Find Information About:

Drugs & Supplements

Get information and reviews on prescription drugs, over-the-counter medications, vitamins, and supplements. Search by name or medical condition.

Pill Identifier

Pill Identifier

Having trouble identifying your pills?

Enter the shape, color, or imprint of your prescription or OTC drug. Our pill identification tool will display pictures that you can compare to your pill.

Get Started

My Medicine

Save your medicine, check interactions, sign up for FDA alerts, create family profiles and more.

Get Started

WebMD Health Experts and Community

Talk to health experts and other people like you in WebMD's Communities. It's a safe forum where you can create or participate in support groups and discussions about health topics that interest you.

  • Second Opinion

    Second Opinion

    Read expert perspectives on popular health topics.

  • Community


    Connect with people like you, and get expert guidance on living a healthy life.

Got a health question? Get answers provided by leading organizations, doctors, and experts.

Get Answers

Sign up to receive WebMD's award-winning content delivered to your inbox.

Sign Up

Epilepsy Health Center

Font Size

Dogs Anticipate Epileptic Seizures

Sensitive Dogs Improve Families' Quality of Life
WebMD Health News

June 21, 2004 -- The family dog can often sense when a child has an impending epileptic seizure, a new study shows.

One dog may sit on a toddler before an attack. Another dog might push a young girl away from stairs just minutes before her seizure. Yet another dog wakes up in the night 20 minutes before a child's seizure.

It's a remarkable ability that may develop spontaneously in some dogs and has recently been documented in dogs living with epileptic adults -- but not in children, writes researcher Adam Kirton, MD, a pediatric neurologist with Alberta Children's Hospital at the University of Calgary in Alberta. His study appears in this week's issue of Neurology.

These seizure-alerting dogs may reduce frequency of epileptic seizures, improving the families' quality of life, he explains.

Kirton got his information from telephone interviews with 45 families, all having children with epilepsy, all ranging in age from 7 years old to 18 years old; 39% had dogs in the family for at least one year. The parents reported seizure-related behaviors regarding their family dog and their children.


  • 42% of families reported seizure-specific reactions from their dogs.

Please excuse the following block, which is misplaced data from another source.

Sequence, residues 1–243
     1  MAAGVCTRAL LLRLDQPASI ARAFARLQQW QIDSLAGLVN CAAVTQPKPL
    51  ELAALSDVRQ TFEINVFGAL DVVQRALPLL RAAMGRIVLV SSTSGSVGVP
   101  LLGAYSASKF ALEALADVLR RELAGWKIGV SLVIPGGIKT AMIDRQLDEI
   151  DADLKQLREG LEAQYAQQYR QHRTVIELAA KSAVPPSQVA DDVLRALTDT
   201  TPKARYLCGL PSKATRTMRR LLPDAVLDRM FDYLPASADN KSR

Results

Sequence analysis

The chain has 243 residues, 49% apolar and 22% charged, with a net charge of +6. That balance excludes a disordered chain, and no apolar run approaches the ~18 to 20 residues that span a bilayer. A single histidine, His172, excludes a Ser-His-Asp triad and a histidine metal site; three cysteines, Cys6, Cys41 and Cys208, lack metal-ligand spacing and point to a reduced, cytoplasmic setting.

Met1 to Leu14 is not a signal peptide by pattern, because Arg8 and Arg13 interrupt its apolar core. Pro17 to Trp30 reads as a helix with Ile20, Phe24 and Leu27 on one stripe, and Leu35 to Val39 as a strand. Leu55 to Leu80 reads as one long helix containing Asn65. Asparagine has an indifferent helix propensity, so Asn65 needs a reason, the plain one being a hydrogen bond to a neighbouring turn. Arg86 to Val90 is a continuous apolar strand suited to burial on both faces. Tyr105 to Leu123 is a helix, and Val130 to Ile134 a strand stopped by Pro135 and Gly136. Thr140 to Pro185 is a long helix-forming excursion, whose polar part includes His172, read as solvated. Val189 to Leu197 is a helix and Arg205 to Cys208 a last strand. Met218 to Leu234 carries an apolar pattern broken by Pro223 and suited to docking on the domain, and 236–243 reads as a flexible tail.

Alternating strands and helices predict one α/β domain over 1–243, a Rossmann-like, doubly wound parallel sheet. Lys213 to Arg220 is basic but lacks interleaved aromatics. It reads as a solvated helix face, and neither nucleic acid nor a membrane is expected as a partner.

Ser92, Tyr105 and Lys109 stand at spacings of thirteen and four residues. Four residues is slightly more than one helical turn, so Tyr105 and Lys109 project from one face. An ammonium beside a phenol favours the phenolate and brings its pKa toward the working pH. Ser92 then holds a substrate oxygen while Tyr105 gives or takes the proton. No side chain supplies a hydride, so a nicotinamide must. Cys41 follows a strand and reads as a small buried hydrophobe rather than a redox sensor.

• About 40% of these dogs showed these behaviors in anticipation of the seizure.
  • Breeds with this ability included Golden Retriever, Standard Poodle, German Shepherd, Akita, Rough Collie, Rottweiler, Cairn Terrier, Great Pyrenees, and one mixed breed dog.
  • Dogs acquired this ability after about one month with the family -- generally with the first seizure the dog witnessed.
  • The typical response was licking the child's face, protecting the child, and whimpering; the dogs were never aggressive or harmed the child.

Also, the dogs were rarely wrong, Kirton reports. Sometimes the seizure alert behavior was just 10 seconds before the epileptic seizure; in other cases, the alert came up to five hours before.

Parents' Stories

One parent reported that her Sheltie-Spitz dog would "forcibly sit on her toddler and not allow her to stand prior to a drop attack," writes Kirton.

An Akita pushed a young girl away from the stairs just 15 minutes before a convulsion. One Golden Retriever could anticipate nighttime seizures up to 20 minutes before they occurred. One Rottweiler would lick a toddler's feet or forcibly position himself on either side of the child before a drop attack.

Today on WebMD

human head and brain waves
Causes, symptoms, and treatments.
Grand mal seizure
How is each one different?
marijuana plant
CBD, a plant chemical, may cut down seizures.
prescription bottle
Which medication is right for you?
Seizures Driving
Questions for Doctor Epilepsy
Graces Magic Diet
Pills spilling from bottle in front of clock
first aid kit
Caring Child Epilepsy
Making Home Safe
epilepsy monitoring

WebMD Special Sections